lucio menegon | music•noise•art

Speed Mullet duo in Knoxville, TN

My buddy Jon Brumit and I convened for two TN improv shows in late October in support of our touring Swiss colleague, Phil Zuercher. We played a special trio set in Chattanooga with Jon’s son, Otto, now 14, and the next night as a duo at the Pilot Light’s improv series in Knoxville.

The good folks at Knoxville Community TV film, record and post every show but unfortunately, my guitar isn’t well represented in the audio. This video fixes that. I recorded the set from the stage and mixed the audio in with good results!

Lea Cesira Menegon

Lea Cesira Menegon, 93, of Branford, CT (formerly of Old Greenwich, CT) passed away on Tuesday, August 22nd.

Beloved wife, mother and grandmother, Lea was born on March 3, 1930 in the small northern Italian village of Tramonti di Sopra, the daughter of Giacomo and Angela Facchin and sister to Amalia, Rosina, Bruno and Adelchi. Lea met her life’s love and soulmate, Ben (Benito) Menegon, as a young child in Tramonti, and they would become childhood sweethearts. Their lives were altered by WWII and they both left Tramonti to find work – Ben to America; Lea to Rome.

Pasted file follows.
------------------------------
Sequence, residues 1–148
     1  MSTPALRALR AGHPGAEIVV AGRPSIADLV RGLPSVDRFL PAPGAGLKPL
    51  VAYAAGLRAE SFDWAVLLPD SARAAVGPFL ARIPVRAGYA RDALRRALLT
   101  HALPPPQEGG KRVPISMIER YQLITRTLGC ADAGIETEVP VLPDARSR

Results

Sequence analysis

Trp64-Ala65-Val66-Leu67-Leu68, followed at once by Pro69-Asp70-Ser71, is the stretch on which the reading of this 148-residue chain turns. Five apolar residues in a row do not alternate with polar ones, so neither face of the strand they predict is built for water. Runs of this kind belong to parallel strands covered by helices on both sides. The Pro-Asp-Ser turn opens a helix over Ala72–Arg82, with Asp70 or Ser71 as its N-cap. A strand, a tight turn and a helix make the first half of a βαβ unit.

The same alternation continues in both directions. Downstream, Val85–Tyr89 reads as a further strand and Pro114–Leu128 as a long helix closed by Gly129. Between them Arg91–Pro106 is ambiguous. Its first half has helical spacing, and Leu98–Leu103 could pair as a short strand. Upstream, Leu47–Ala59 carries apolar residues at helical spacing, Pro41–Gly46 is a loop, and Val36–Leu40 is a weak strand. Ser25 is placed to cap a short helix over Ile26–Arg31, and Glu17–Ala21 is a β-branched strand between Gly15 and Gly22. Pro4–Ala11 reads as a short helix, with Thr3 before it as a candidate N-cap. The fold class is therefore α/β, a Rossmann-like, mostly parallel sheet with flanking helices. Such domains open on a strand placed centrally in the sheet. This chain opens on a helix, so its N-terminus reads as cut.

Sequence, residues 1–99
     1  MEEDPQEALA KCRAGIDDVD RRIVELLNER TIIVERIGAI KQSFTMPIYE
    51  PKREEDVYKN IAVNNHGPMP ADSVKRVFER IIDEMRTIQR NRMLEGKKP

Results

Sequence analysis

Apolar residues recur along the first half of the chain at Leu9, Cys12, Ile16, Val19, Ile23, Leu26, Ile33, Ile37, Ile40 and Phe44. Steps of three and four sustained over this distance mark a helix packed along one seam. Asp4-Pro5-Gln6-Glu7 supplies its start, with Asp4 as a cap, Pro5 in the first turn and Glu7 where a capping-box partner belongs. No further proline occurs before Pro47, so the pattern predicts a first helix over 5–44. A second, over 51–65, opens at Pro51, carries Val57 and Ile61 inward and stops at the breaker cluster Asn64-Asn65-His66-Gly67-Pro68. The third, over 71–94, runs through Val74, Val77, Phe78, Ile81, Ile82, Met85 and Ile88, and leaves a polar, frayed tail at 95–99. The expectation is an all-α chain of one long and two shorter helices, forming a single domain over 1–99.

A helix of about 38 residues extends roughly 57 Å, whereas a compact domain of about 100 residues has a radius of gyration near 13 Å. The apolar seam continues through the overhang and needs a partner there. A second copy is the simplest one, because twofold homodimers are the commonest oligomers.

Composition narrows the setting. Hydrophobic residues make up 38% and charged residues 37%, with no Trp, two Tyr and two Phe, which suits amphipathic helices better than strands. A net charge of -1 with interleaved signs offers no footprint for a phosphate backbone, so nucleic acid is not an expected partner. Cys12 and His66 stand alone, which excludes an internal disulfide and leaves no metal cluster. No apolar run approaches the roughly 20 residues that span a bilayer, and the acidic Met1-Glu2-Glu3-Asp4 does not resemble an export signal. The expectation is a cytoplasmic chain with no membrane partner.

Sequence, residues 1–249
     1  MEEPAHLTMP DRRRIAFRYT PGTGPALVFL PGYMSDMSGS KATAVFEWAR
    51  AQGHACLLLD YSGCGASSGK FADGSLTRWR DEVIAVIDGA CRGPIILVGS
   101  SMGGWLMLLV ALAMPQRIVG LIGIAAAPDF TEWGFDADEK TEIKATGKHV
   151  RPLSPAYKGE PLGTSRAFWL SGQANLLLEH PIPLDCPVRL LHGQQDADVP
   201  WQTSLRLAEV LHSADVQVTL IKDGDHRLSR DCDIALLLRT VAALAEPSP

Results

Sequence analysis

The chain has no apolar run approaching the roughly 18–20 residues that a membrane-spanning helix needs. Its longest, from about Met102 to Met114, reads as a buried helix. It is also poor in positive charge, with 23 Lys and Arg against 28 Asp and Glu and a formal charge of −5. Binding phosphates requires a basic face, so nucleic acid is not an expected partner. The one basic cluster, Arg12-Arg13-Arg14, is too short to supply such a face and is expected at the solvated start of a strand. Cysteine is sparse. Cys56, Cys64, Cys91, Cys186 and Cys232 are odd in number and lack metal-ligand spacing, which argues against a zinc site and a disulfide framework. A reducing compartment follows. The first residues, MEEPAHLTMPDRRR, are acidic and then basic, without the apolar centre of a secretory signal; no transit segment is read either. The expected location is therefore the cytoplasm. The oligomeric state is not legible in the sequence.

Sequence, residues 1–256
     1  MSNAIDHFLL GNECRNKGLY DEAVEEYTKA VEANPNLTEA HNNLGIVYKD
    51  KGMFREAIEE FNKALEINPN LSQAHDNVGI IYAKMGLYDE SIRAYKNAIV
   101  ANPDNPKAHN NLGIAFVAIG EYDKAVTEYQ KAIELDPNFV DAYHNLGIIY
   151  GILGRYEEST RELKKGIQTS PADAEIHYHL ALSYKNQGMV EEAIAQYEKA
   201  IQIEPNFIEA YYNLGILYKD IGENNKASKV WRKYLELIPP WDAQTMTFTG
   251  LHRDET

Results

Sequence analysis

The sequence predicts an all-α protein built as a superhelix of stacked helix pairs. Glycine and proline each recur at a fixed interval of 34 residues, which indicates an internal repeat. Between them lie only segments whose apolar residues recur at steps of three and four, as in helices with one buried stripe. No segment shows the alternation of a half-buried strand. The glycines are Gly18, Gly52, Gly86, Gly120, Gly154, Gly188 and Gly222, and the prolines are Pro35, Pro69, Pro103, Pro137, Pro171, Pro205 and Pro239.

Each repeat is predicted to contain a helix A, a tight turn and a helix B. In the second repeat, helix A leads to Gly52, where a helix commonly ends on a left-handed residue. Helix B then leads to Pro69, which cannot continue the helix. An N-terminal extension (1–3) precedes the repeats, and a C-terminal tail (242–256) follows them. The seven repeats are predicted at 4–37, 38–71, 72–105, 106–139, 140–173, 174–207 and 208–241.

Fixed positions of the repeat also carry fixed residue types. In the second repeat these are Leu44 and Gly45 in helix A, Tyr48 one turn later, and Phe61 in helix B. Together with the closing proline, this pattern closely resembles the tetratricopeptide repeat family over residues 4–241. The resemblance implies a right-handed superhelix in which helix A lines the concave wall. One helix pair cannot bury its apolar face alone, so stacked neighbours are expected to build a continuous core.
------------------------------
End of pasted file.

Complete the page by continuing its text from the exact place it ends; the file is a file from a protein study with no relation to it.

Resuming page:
Lea was incredibly creative. Whether designing and sewing clothes, knitting, crochet, or any type of needlepoint or embroidery, she made the most wonderful things. While in Rome, she was most proud when her employer manufactured her design of a double-breasted sweater for boys, which became very popular. She eventually relocated to Paris where she studied French at the Sorbonne and put her formidable sewing skills to use in a boutique dress shop.